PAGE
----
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LCC announces first four-year degree with new teacher education program

LCC announces first four-year degree with new teacher education program

Lower Columbia College

Lower Columbia College 

In a historic announcement Wednesday, Lower Columbia College said it will add a bachelor’s degree to its offerings next fall with the introduction of a four-year teaching program.

The degree will help meet the demand for teachers in the region by preparing candidates for teaching positions in preschool through eighth grade, according to a college news release.

“People will be able to stay local to fill the in-demand jobs in elementary education and early childhood education,” said Wendy Hall, LCC spokeswoman. “We are very excited to offer our first applied bachelors degree, and we think this is the perfect place to start.”

The college will accept up to 30 candidates in the first year of the program, which starts with the fall 2019 semester, according to the website.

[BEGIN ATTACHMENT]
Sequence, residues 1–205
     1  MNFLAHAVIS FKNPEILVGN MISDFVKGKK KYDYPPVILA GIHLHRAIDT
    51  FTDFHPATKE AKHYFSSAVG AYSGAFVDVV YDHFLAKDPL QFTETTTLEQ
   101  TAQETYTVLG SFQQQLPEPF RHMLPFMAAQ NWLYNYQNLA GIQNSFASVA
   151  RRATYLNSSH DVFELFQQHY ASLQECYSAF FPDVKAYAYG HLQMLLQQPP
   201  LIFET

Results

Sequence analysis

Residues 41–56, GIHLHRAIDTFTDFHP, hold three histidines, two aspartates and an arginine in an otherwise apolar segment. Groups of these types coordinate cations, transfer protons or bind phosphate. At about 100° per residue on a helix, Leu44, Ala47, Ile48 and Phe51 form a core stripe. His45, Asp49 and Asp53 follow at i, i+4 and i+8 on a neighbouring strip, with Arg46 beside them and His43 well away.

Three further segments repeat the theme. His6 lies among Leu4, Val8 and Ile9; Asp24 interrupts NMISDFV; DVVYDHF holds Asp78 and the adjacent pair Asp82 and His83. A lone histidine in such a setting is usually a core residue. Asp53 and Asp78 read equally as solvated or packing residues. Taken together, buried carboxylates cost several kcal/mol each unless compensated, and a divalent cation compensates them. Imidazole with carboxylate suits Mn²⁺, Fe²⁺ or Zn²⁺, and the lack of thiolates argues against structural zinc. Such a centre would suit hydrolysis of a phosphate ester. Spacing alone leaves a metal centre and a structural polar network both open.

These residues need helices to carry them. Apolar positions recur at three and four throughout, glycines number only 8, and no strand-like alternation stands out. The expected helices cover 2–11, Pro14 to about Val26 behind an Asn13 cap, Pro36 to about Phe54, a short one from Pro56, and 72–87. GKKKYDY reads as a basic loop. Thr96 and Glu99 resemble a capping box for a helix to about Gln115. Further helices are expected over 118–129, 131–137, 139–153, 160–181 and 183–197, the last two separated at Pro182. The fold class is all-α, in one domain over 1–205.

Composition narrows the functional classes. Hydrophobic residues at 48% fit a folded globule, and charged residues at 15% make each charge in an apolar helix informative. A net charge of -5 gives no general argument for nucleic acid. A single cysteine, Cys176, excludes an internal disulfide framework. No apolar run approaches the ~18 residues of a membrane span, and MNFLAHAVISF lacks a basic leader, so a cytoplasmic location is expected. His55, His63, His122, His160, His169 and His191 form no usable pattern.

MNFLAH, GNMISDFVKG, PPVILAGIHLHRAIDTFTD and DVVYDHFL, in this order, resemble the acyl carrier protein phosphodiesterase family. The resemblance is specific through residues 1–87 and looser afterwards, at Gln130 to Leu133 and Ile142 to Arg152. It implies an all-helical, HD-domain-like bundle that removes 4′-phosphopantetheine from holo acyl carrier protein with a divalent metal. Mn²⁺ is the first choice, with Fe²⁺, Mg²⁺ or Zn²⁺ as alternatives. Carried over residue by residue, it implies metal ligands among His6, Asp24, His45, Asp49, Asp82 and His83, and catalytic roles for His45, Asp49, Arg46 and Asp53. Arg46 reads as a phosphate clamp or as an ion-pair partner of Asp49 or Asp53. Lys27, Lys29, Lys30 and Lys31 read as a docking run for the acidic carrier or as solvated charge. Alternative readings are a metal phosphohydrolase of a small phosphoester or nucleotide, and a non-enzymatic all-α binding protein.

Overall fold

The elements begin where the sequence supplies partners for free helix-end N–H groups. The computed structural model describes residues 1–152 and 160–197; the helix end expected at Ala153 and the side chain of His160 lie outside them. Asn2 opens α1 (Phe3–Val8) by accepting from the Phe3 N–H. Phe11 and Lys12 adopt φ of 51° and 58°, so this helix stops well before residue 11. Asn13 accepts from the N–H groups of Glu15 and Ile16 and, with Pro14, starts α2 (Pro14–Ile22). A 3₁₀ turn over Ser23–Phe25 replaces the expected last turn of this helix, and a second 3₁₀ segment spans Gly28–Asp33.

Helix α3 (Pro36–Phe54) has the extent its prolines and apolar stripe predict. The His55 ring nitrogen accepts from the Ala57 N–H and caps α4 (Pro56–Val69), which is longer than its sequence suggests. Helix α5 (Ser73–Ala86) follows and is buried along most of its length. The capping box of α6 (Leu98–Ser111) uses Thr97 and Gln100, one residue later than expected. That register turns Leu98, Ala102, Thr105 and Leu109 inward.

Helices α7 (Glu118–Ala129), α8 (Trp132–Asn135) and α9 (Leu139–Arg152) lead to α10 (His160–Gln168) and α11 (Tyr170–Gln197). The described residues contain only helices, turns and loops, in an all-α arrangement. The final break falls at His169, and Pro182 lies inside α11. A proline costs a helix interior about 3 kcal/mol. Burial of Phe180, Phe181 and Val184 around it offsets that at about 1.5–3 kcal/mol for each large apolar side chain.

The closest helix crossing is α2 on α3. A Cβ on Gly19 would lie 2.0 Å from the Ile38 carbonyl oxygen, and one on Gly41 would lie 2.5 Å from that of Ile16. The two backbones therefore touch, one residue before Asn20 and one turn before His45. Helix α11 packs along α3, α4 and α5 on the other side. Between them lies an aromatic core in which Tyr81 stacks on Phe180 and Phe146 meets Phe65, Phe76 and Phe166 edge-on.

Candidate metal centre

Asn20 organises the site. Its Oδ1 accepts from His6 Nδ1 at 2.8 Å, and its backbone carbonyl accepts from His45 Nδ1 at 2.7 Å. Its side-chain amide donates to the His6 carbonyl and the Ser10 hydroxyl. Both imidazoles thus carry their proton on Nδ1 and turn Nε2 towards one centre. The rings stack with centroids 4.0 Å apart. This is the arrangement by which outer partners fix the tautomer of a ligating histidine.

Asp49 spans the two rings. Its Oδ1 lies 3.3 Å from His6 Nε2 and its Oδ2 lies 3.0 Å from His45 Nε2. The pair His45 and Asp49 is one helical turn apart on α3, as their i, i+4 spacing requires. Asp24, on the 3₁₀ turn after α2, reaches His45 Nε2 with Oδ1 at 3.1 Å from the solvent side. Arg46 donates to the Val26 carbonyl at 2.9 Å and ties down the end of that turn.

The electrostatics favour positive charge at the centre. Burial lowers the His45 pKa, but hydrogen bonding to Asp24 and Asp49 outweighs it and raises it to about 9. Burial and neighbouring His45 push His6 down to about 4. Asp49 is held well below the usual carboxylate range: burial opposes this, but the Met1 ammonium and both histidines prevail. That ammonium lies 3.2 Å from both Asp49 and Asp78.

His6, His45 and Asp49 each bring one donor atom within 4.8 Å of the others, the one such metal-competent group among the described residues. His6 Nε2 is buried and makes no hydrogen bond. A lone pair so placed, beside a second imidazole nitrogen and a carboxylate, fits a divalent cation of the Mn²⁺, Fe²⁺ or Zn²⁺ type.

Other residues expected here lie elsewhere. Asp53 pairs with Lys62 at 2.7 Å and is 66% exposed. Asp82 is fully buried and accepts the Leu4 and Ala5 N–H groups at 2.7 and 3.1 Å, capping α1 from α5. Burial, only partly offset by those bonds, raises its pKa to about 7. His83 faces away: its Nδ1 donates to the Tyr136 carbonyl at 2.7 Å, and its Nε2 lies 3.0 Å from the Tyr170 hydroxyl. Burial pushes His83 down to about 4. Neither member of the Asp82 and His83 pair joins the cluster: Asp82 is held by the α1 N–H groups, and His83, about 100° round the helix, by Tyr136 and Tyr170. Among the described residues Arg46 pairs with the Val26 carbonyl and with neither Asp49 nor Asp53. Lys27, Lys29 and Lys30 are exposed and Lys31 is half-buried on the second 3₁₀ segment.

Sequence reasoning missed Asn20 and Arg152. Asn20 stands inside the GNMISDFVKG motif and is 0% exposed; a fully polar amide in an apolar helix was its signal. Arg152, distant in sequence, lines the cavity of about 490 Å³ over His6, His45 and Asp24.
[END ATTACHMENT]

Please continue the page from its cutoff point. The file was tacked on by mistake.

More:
The program pairs the college’s associates degree with upper division courses in teacher education, the release says. It offers certified and non-certified pathways.

Certified students will be able to teach in Washington public schools, while non-certified candidates can teach in early childhood education and in non-public school settings, like Head Start preschool, the release says.

The new degree allows prospective LCC students to save on expenses related to travel, room and board by offering a four-year program that’s closer to home, the release says. It also will reduce the stress of transferring to another college to earn a bachelor’s degree.

The degree is supported by all of the K-12 Cowlitz County school districts, which have opened their buildings for teacher residencies, according to the LCC website. The program also allows students to apply for residency in other districts, the site says.

Local teachers unions also support the degree, and the Longview Education Association is “100 percent in favor of this,” said LEA president Ray Clift.

“It helps meet a huge need of recruiting and retaining new teachers. That’s a particular problem in our area,” Clift said. “I also think having a college in our area — and just in our town — that can offer a four-year degree is just the start of growing the college, which will have great benefits to our community.”

Prospective students can learn more about the new Bachelor of Applied Science in Teacher Education by visiting


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